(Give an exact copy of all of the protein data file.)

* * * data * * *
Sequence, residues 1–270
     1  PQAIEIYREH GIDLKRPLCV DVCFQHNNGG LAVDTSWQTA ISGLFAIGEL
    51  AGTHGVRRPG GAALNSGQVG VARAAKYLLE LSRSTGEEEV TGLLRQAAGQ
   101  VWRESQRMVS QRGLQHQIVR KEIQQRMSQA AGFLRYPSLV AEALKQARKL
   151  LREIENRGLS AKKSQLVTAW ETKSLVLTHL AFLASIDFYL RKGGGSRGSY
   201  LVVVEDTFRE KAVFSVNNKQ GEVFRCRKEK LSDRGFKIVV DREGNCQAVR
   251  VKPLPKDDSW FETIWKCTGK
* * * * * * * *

Sequence, residues 1–270
     1  PQAIEIYREH GIDLKRPLCV DVCFQHNNGG LAVDTSWQTA ISGLFAIGEL
    51  AGTHGVRRPG GAALNSGQVG VARAAKYLLE LSRSTGEEEV TGLLRQAAGQ
   101  VWRESQRMVS QRGLQHQIVR KEIQQRMSQA AGFLRYPSLV AEALKQARKL
   151  LREIENRGLS AKKSQLVTAW ETKSLVLTHL AFLASIDFYL RKGGGSRGSY
   201  LVVVEDTFRE KAVFSVNNKQ GEVFRCRKEK LSDRGFKIVV DREGNCQAVR
   251  VKPLPKDDSW FETIWKCTGK